"We're both so happy! Say that we're happy."
August 1, 2014 7:52 PM   Subscribe

"One of the most exhilarating cinematic works of the Czechoslovak New Wave is Vera Chytilová's 1966 film, Daisies, the story of two young women who declare the world is spoiled and rotten, and so make a pact that they will be too." -- Katarina Soukup, "Banquet of Profanities." "In a 1966 interview, Chytilová described Daisies as a 'philosophical documentary in the form of a farce,' a 'bizarre comedy with strands of satire and sarcasm.'" -- Bliss Cua Lim, "Dolls in Fragments." posted by Monsieur Caution (8 comments total) 27 users marked this as a favorite
Chytilova was a tremendous and often overlooked filmmaker. It is also strangely warming to see this here on the day of Farocki's death.
posted by whyareyouatriangle at 8:23 PM on August 1, 2014 [4 favorites]

Having watched (and thoroughly enjoyed) this film recently, my ladyfriend found these paper dress-up dolls of the Maries. Why, yes, we do have many cardstock Maries around the house.
posted by The Great Big Mulp at 8:42 PM on August 1, 2014 [3 favorites]

Wow, I saw this Ina film class in around 1991, always wanted to see it again as many of tevimages haunted me since. Thank you!
posted by chapps at 9:46 PM on August 1, 2014 [1 favorite]

I had the good fortune to catch a number of the hard-to-see movies at the Chytilova retrospective at Anthology Film Archives, which left me even more impressed by her career and sadder that so many of her films are hard-to-impossible to find in the US. PANELSTORY is amazing---a Soviet-bloc Altman movie with a great warmth and humor. And her low-budget children's sci-fi/horror flick WOLF CHALET is delightful, with the best Communist happy ending of all time.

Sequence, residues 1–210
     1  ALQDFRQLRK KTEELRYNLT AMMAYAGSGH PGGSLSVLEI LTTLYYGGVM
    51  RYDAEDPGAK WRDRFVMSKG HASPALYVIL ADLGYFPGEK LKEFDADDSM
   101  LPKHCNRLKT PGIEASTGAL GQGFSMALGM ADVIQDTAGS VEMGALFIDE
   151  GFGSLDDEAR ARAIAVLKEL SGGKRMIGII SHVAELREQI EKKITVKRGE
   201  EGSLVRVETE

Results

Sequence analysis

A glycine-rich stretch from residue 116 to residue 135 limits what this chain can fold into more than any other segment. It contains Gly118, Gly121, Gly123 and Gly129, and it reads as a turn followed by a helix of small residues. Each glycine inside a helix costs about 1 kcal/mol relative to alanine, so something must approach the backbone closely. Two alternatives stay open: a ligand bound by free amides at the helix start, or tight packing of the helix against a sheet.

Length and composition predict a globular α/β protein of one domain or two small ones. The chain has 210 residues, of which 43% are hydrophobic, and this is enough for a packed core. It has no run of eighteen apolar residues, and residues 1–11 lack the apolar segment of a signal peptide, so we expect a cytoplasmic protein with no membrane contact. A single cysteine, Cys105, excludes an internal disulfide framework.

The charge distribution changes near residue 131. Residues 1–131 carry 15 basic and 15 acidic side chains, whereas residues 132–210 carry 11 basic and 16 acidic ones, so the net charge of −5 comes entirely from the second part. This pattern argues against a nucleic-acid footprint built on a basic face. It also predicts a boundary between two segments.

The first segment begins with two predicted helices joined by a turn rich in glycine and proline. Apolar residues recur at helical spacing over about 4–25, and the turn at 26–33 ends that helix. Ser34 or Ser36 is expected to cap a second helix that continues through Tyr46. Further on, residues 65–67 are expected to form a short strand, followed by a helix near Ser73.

posted by ThatFuzzyBastard at 10:47 PM on August 1, 2014 [4 favorites]

So let me tell you a little story about how I was on a European Women’s Studies study abroad program in 2006, and we were in the Czech Republic and watched this movie for class one day, and then had a Q&A with Věra Chytilová (our professor had fab connections with cool famous people), and she asked our little group what we thought the message of the movie was, and we were all like, “Well, obviously these two cute anarchist babies are trying to throw off the oppressive yoke of their sexist Communist oppressors,” and she was like, “[enigmatic little smile] No, you are all wrong, but it’s ok because you’re only stupid Americans who know nothing,” and our minds were kind of blown, and then that afternoon, when some of us were on the tram on our way to our homestays, she got on with us, and when she got off at her stop, she turned around and waved goodbye to us like the adorable little old ladybug that she was.
posted by catch as catch can at 3:38 AM on August 2, 2014 [12 favorites]


That is all.
posted by palmcorder_yajna at 7:21 AM on August 2, 2014 [1 favorite]

Ugh, this fucking movie. It came off like a smug variant on John Waters' grotesqueries. The fact that the Maries played their anarchism as though they were cognitively disabled really creeped me out, on top of Chytilova's self-satisfied tone. If I'm going to watch feminist cinema, I'm much more interested in Agnes Varda's morally ambiguous protagonists or Claire Denis's ambivalence towards French colonialism or Bette Gordon's regard for porn and the ways the patriarchy hurts men and women. Not a pair of baby-talking, booger-eating brats.
posted by pxe2000 at 8:15 AM on August 2, 2014 [2 favorites]

I also watched this for a film class. Afterwards I decided that I *had* to keep the visuals somehow, so I went out and rented the DVD and ripped it to my laptop and learned how to use Photoshop blend modes so I could make livejournal icons. What impressed me at the time were that all of the crazy color filters and desaturations and overlays and so on in the film were done by hand.
posted by subdee at 9:08 AM on August 2, 2014 [3 favorites]

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